Mom101: Mom, why’d a teacher get kicked in the head?

Bessie Cherry:

Above is a direct quote from the most recent edition of my daughter’s school newsletter, the Lapham Elementary Lookout. Parts of Madison’s Affiliated Alternatives program were moved into her K-2 school this year as a budget Band-Aid that kept Marquette and Lapham from consolidating into one large kid factory. At the time, the decision was steeped in controversy, politics, and emotion. I defaulted to the “for Affiliated Alternatives moving in” side as I vehemently opposed the consolidation option.
I like to think I’m an open-minded person, not the type of mom who’d get all freaked out about some alternative teens under the same roof as my young ‘un. I recall actually being intrigued by the idea that high school students would be attending school just one floor above my six-year-old. I know there was a moment in which I wondered why, exactly, these students needed an alternative to traditional high school, so I looked it up online. It seemed like a great program with educational options for every type of student, those who’d fallen behind in coursework, were pregnant, those who needed vocational skill training in addition to regular schoolwork, the inevitable et ceteras of adolescence. When I read the Lookout, I thought, smoking on school grounds! Tsk, tsk. Ah, well, nothing a kid couldn’t run into walking down the street. Could be worse.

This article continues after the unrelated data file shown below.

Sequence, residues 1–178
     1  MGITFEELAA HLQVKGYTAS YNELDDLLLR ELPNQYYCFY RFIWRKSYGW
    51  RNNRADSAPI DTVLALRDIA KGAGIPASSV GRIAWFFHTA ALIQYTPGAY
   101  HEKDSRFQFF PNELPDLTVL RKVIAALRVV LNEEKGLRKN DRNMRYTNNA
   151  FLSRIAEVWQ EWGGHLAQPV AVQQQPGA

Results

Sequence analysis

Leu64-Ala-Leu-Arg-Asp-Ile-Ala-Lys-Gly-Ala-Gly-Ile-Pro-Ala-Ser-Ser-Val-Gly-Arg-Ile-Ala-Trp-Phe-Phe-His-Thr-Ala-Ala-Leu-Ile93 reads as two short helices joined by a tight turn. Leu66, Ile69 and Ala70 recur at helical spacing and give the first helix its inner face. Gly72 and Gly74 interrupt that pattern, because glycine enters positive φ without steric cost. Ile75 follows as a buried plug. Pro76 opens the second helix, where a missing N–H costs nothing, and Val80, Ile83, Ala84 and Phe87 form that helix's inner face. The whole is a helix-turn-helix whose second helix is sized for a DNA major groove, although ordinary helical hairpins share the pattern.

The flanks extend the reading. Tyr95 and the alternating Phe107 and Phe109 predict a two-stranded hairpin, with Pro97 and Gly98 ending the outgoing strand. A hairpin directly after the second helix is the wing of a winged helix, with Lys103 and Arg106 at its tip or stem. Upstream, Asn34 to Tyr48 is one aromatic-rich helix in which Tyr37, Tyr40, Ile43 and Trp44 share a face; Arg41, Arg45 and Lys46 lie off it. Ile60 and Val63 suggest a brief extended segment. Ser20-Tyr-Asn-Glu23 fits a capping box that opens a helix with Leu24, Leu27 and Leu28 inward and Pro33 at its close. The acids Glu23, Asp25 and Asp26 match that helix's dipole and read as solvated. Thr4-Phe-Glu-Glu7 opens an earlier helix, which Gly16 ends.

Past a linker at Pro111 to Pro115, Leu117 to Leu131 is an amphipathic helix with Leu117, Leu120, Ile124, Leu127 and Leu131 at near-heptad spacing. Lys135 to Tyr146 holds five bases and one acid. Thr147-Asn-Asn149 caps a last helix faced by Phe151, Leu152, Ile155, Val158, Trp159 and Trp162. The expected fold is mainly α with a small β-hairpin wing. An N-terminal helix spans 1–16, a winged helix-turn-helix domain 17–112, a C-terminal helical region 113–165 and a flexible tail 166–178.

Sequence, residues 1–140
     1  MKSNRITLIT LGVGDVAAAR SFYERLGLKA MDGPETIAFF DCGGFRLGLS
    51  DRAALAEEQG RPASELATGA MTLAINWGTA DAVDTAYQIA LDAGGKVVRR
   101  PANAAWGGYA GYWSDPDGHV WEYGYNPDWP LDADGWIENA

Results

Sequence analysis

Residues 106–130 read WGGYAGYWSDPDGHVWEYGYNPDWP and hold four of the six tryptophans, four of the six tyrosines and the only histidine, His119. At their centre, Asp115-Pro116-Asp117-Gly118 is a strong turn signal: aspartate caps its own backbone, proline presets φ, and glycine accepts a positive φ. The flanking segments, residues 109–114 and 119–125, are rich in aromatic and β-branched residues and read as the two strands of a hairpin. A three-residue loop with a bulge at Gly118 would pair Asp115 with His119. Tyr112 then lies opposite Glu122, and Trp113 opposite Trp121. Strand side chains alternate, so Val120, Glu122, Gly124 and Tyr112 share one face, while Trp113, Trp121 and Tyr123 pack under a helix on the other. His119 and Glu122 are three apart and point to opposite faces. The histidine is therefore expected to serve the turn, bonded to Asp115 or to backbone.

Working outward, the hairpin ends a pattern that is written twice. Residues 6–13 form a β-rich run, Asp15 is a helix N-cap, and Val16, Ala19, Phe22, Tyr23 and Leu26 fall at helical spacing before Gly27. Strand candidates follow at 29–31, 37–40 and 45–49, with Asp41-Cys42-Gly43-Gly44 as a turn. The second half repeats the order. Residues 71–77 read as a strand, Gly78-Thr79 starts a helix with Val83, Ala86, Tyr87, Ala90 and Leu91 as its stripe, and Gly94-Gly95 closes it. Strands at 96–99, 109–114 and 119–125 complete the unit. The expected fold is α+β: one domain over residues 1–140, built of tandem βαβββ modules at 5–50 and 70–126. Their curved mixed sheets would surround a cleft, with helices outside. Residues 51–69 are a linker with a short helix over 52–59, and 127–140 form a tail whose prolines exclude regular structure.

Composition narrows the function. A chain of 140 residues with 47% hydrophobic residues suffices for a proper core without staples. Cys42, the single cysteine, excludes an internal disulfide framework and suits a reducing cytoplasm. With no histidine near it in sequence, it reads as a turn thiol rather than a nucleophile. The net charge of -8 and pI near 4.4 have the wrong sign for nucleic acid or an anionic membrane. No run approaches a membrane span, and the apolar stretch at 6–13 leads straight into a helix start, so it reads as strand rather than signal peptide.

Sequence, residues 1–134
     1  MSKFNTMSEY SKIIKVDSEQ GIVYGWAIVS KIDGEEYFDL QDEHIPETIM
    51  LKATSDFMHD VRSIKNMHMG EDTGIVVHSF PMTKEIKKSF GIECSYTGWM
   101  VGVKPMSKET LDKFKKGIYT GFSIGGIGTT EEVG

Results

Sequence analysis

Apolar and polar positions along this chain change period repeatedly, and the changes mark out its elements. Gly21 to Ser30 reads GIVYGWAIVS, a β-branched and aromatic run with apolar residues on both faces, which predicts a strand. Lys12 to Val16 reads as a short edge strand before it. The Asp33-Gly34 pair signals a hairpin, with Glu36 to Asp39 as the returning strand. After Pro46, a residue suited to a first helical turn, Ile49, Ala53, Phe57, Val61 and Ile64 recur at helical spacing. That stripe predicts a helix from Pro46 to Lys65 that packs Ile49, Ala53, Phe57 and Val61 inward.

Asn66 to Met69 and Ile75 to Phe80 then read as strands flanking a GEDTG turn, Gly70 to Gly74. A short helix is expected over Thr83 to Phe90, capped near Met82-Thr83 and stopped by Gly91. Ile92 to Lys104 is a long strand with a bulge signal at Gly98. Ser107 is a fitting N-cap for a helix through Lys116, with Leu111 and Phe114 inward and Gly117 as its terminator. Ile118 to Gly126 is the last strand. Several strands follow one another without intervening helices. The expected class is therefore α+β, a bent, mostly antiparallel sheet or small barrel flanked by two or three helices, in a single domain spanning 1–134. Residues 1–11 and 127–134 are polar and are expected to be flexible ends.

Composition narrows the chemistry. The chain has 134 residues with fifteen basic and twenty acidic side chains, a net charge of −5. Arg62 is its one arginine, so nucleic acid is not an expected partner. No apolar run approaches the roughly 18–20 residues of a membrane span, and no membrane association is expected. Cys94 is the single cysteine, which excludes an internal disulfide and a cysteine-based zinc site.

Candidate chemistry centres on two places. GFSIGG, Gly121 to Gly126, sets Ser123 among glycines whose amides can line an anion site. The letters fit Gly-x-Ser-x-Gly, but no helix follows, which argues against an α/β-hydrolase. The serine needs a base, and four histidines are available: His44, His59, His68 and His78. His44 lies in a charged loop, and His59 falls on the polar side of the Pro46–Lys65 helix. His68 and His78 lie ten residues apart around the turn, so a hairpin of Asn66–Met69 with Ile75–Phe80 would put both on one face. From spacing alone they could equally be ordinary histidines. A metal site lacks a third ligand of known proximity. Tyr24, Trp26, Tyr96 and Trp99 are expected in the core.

7 thoughts on “Mom101: Mom, why’d a teacher get kicked in the head?”

  1. This article addresses a fairly important issue about a teacher getting kicked in the head at Lapham School, being sent off in an ambulance, and the school not notifying parents about it. I encourage everyone to follow the link and read the rest of it. The way it ends as quoted here doesn’t really get to the meat of Bessie’s thoughts, A better section to quote:
    This blip of a blurb was not on the Lapham Elementary website. It was not in my email inbox. It was not in a note in my daughter’s backpack. Nope, it was at School Information System, an excellent website I stumbled upon which, best I can tell, is comprised of the thoughts and facts going through the heads of school personnel, school board members, and others with a vested interest in Madison’s school system. (I’m inferring here; a thorough search of the site proved me neither right nor wrong).
    Within seconds of reading about the incident, the possibilities were closing in on my open mind. Who was fighting? What was it about? Was there gang violence at my child’s K-2 school (newsflash, folks, Dane County is hardly immune to youth gang activity)? Was it drug-related? Over a girl? Over a boy? How did the teacher get kicked in the head? How serious were her injuries? Which teacher was it? Did any of the students spy her getting carted off in the ambulance? How in the world would I answer any questions my daughter might have about what had happened? And why in the world did I find out about it while scanning a website?